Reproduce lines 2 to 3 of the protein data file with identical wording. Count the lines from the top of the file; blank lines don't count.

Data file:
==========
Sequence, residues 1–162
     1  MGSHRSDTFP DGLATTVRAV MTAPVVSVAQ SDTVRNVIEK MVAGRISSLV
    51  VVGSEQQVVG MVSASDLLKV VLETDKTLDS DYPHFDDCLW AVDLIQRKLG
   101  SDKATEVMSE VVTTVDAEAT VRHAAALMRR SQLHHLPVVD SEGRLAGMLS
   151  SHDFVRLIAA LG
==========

     1  MGSHRSDTFP DGLATTVRAV MTAPVVSVAQ SDTVRNVIEK MVAGRISSLV
    51  VVGSEQQVVG MVSASDLLKV VLETDKTLDS DYPHFDDCLW AVDLIQRKLG